Ukraine war: A special tribute

22 Jun

Born in 1937, Valentin Silvestrov is considered the greatest living Ukrainian composer and a master of gentle sounds. 


He has eight symphonies and numerous large instrumental works to his name, but his signature compositions are his bagatelles, or short piano pieces, some of which last less than a minute. On March 9, 2022, the 84-year-old Silvestrov made the decision to leave his hometown of Kyiv, which was being heavily bombed by Russian troops. After traveling for two days, he finally arrived in Berlin as a refugee.

His suffering and exhaustion were palpable in conversation: "Quite honestly, I didn't want to leave," he said. "I'm already tired of living in a world where this kind of thing happens. But I have a daughter and a granddaughter, both are young. They have to live! That's why I agreed to leave."

'The Messenger'

Silvestrov's compositions are frequently heard, especially as orchestras and soloists around the world try to perform as much Ukrainian music as possible. In Cologne, his piece "The Messenger — 1996" was performed on March 16 as part of a solidarity concert for Ukraine.

The dedication on the score reads: "In memory of Larissa Bondarenko." She was Silvestrov's wife and a renowned Ukrainian musicologist known for her intellect and spirit.

In 1996, she died unexpectedly. She and Silvestrov had been inseparable; they'd gone through thick and thin together. Silvestrov once wrote to a friend: "I don't know what would have become of me and my music if Larissa hadn't been there. I feel a bit like a fake when I write my name, as if it doesn't belong to me alone – that's how much she has influenced my life and work."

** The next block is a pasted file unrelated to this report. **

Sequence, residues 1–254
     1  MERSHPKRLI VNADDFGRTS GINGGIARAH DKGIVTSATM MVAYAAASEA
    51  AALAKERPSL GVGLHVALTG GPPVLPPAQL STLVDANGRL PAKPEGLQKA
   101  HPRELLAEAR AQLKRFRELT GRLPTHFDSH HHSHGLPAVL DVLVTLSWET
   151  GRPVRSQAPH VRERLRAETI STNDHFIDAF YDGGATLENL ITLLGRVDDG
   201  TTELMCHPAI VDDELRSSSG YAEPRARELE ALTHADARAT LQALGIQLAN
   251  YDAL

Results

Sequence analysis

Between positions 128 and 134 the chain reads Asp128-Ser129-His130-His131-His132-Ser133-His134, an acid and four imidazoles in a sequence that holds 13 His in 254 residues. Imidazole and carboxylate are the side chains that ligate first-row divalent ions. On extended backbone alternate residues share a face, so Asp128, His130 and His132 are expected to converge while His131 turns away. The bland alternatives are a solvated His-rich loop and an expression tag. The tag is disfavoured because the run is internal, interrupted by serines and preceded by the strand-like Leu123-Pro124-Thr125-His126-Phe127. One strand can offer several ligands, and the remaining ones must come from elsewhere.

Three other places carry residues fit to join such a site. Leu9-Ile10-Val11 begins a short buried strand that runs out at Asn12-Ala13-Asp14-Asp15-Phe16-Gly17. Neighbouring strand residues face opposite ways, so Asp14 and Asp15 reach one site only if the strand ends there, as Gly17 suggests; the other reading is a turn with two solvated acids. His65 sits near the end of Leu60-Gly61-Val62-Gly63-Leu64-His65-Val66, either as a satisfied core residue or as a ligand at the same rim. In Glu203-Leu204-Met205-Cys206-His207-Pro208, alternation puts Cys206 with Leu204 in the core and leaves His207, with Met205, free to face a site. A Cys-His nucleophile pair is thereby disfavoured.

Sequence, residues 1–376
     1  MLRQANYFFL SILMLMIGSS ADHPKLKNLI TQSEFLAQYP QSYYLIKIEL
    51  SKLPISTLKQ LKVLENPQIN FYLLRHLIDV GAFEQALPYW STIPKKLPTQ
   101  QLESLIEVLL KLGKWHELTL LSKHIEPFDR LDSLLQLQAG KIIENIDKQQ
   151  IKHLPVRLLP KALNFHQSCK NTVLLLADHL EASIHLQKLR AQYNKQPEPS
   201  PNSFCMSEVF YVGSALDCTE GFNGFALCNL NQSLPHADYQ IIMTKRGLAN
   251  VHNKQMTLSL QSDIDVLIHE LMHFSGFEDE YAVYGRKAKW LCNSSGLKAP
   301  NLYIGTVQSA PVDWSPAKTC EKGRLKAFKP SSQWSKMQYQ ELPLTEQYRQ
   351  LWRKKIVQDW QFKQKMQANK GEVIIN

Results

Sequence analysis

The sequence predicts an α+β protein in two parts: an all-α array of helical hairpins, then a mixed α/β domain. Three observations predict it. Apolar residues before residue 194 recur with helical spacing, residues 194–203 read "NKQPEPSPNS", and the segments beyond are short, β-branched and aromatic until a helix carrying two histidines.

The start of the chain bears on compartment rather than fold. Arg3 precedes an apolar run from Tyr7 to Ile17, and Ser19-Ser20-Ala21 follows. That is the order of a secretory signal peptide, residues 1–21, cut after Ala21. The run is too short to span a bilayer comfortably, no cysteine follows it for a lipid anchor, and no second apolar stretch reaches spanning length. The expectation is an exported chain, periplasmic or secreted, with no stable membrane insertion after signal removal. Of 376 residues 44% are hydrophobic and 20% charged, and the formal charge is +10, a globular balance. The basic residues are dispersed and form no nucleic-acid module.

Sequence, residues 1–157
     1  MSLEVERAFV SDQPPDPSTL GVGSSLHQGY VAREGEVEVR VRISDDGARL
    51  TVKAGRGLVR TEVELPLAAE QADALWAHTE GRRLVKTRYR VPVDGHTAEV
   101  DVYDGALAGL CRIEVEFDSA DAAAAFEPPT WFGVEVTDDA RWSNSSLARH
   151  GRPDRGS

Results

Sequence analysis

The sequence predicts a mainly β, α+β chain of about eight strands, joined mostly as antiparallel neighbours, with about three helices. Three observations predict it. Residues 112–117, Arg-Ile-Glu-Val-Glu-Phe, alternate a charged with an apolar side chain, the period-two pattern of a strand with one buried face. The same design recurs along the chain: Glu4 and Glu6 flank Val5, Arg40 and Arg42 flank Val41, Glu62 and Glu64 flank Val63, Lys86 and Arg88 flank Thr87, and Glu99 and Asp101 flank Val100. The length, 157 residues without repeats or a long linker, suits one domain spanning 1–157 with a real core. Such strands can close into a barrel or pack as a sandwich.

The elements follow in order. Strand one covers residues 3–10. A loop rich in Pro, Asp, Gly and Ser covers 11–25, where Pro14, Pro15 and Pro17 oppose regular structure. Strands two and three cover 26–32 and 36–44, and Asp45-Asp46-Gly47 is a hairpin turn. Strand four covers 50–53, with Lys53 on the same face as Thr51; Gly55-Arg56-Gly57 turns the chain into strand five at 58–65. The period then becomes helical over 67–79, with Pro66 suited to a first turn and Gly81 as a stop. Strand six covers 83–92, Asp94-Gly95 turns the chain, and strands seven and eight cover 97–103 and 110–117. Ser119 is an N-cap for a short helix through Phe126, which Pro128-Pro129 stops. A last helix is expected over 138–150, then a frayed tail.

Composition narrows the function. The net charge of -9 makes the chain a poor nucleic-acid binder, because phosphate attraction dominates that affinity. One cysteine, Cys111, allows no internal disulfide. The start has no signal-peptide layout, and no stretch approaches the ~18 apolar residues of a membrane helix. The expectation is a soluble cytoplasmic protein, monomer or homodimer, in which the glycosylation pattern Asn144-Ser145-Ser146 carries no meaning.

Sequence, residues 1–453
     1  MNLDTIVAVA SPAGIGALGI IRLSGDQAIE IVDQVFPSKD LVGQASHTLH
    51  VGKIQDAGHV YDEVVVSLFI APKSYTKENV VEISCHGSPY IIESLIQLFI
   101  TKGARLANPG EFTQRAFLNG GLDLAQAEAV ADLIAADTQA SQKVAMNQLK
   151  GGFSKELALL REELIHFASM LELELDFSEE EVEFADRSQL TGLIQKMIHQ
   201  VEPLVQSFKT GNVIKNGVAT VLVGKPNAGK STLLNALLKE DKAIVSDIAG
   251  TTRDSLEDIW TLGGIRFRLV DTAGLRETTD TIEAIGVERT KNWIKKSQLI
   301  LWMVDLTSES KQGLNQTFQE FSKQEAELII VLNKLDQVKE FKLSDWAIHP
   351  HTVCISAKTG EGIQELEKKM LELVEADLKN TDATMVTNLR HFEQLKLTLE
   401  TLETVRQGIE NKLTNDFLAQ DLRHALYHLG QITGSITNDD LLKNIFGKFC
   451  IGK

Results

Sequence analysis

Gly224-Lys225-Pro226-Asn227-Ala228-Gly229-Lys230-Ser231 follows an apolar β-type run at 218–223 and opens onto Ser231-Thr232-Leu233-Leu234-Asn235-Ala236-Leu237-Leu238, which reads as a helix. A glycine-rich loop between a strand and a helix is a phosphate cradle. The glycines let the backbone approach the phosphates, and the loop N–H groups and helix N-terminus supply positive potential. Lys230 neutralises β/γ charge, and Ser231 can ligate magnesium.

"The Messenger — 1996" is a chamber music piece. Silvestrov later used it as the basis for a longer composition, which he also dedicated to his wife. His annotation on "The Messenger" says it should sound "very soft and distant, very light and sad."

In this program, we'll hear a version performed by the Neues Rheinisches Kammerorchester, a Cologne chamber orchestra, and the Figuralchor Köln, a Cologne choir. The piece was conducted by Richard Mailänder.

Protesting the war

The famous conductor Daniel Barenboim, whose ancestors were Ukrainian, is one of many who have forcefully condemned the Russian invasion. In press remarks published March 11, he described the war as "murderous" and "inhumane," something we cannot be neutral about.

On the same day he made those remarks, Barenboim led the Berlin Philharmonic in a performance of Giuseppe Verdi's "Messa da Requiem," or requiem mass. This concert had long been on the performance calendar, but it took on a new meaning in light of the invasion of Ukraine. The music is urgent, terrifying, mournful and ultimately an expression of overcoming death.

Though Verdi's "Requiem" isn't known for being quiet, it certainly does show how fragile life — and by extension civilization — can be. Verdi wrote the piece in 1873 upon the death of the Italian poet Alessandro Manzoni. It has been described as inhabiting a no-man's-land between opera and church music.

Though it uses the text of the Latin Mass for the Dead, Verdi wrote the solo parts in a style that borrowed from his opera "Aida." The result is high drama, a swirling landscape of sound with terrifying apocalyptic surges.

Verdi's "Requiem" is regularly performed by the Berlin Philharmonic, but the performance in March was truly something special. All the soloists were last-minute replacements because of illness, and a finer group couldn't have been found. Susanne Bernhard was the soprano, Marina Prudenskaya was the mezzo-soprano, Michael Spyres was the tenor and Tareq Nazmi the bass. Joining them was the Rundfunkchor Berlin, or Berlin Radio Choir.

Another surprise of the evening was the famous Georgian violinist Lisa Batiashvili serving as concert mistress — a sure gesture of solidarity as Batiashvili's own country has been invaded by Russia in the past, and she has loudly condemned the war in Ukraine. If you have any comments or feedback, drop us a line at We hope you'll join us again for a future Deutsche Welle Festival Concert.


Edited by: Manasi Gopalakrishnan

Author Anastassia Boutsko

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